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Intervention in Obesity & Diabetes

Effect of Diabetes and other Risk Factors on Bone Health

Debjita Mukherjee1 and Jhaleh Amirian2*

1Department of Biotechnology, SRM University, India

2College of Materials Science and Engineering, Shenzhen University, China

*Corresponding author:Jhaleh Amirian, College of Materials Science and Engineering, Shenzhen University, Shenzhen 518055, Guangdong Province, PR China

Submission:January 21, 2022;Published: February 01, 2022

DOI: 10.31031/IOD.2021.05.000623

ISSN 2598-0263
Volume5 Issue5


Diabetes Mellitus (DM) affects a significantly large part of the population globally. Several kinds of research are being conducted every day around the world trying to understand the underlying mechanisms of the disease better to develop better treatments. One of the significant effects of diabetes is on the skeletal system of the patients. The disease affects the bone quality, mineral density, bone turnover and in turn bone health at large. This effect on bone health is worsened by several risk factors as well. This mini review aims at presenting some of the most important mechanisms behind this deterioration of bone health and how risk factors affect them according to latest research done in this field.

Keywords:Diabetes; Bone mineral density; Bone health; Risk factors


Diabetes is a metabolic disease leading to increased levels of glucose in blood. This happens due to insufficient secretion of the hormone insulin like in Type 1 Diabetes due to destroyed beta cells in the pancreatic islets (auto-immune). Diabetes can also be caused by inability of the insulin to act on the glucose due to resistance towards it in the patient’s system as in Type 2 Diabetes [1]. The insulin helps in breaking down glucose to glycogen which is accepted by cells for various metabolic activities. According to the statistics published by the International Diabetes Federation (IDF) for 2021, about 537 million adults and around 1.2 million children and adolescents are suffering from diabetes [2]. This value is estimated to increase by more than a 100 million within the next 10 years. The symptoms of diabetes include polyuria (frequent urination), polydipsia (increased thirst), polyphagia (increased hunger), fatigue, blurred vision, delayed wound healing, and skin problems [3,4]. Prolonged exposure to the disease leads to fatal conditions such as keto-acidosis, cardiovascular diseases, kidney disorders, and diabetes has also to be a co-morbidity factor for COVID-19 related deaths recently [4,5].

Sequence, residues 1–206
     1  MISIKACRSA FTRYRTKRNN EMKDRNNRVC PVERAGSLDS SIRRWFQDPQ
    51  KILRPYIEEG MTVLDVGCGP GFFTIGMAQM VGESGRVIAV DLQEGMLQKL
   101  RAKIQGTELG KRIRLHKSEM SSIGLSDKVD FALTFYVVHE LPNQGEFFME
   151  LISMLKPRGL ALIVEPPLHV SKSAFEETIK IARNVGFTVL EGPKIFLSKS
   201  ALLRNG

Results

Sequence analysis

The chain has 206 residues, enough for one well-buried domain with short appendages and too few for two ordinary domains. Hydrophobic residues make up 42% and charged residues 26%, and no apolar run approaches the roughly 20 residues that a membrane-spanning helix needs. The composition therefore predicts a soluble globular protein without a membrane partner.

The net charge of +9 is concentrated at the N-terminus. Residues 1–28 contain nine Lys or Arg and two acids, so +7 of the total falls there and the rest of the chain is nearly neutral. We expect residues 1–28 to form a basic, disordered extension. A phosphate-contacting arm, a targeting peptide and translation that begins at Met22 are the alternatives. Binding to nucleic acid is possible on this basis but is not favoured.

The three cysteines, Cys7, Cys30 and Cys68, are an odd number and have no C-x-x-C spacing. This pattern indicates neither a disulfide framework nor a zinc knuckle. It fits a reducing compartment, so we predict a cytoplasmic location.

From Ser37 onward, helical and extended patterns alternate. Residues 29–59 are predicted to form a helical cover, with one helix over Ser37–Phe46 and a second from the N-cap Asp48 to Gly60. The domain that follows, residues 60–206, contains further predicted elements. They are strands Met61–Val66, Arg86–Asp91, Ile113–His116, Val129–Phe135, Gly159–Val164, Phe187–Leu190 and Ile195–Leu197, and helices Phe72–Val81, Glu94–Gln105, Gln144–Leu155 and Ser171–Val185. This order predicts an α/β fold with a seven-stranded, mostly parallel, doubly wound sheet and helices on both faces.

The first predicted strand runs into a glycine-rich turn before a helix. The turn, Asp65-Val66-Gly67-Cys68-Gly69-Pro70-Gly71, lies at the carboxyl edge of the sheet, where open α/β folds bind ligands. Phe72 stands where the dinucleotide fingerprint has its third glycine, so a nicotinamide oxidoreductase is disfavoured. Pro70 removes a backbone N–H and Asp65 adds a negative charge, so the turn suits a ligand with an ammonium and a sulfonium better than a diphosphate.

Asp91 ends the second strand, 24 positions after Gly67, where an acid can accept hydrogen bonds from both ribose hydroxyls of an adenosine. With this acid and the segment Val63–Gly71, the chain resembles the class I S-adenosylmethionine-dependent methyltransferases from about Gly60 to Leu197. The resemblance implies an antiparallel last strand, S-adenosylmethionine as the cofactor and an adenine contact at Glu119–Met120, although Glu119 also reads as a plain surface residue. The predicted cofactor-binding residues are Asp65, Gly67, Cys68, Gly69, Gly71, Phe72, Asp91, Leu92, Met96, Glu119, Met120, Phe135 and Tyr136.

Bone Mineral Density (BMD) is the measure of the mass of bone minerals within the bone tissues which determines the strength of the bone. The BMD is highly useful for diagnosing conditions such as osteoporosis [6]. The bone quality of an individual is also a factor which results in bone defects or fractures. It affects bone strength independently from BMD. It includes several structural and compositional factors such as internal and matrix composition of the bone, bone turnover, mineralization, microarchitecture, and microdamage [7]. Bone health is also indicated by the Bone Turnover Markers (BTM) which are indicative of the interplay of the bone cells in bone development and metabolism [8]. The bone formation markers like procollagen type I N propeptide (PINP), osteocalcin or alkaline phosphatase are directly related to osteoblast activity. The resorption marker levels, on the other hand, indicate osteoclast activity. These include N-telopeptide of type I collagen (NTX), carboxy-terminal crosslinking telopeptide of type I collagen (CTX), and Deoxypyridinoline (DPD). Over the years, several research have shown diabetes to affect the BMD, bone quality, and bone turnover of the patients leading to increase in incidents of fractures and defects in the bone. This review will target on the recent findings showing how diabetes along with several risk factors affects these three factors resulting in bone fracture or defects.

Mechanisms Behind Diabetes Leading to Bone Fragility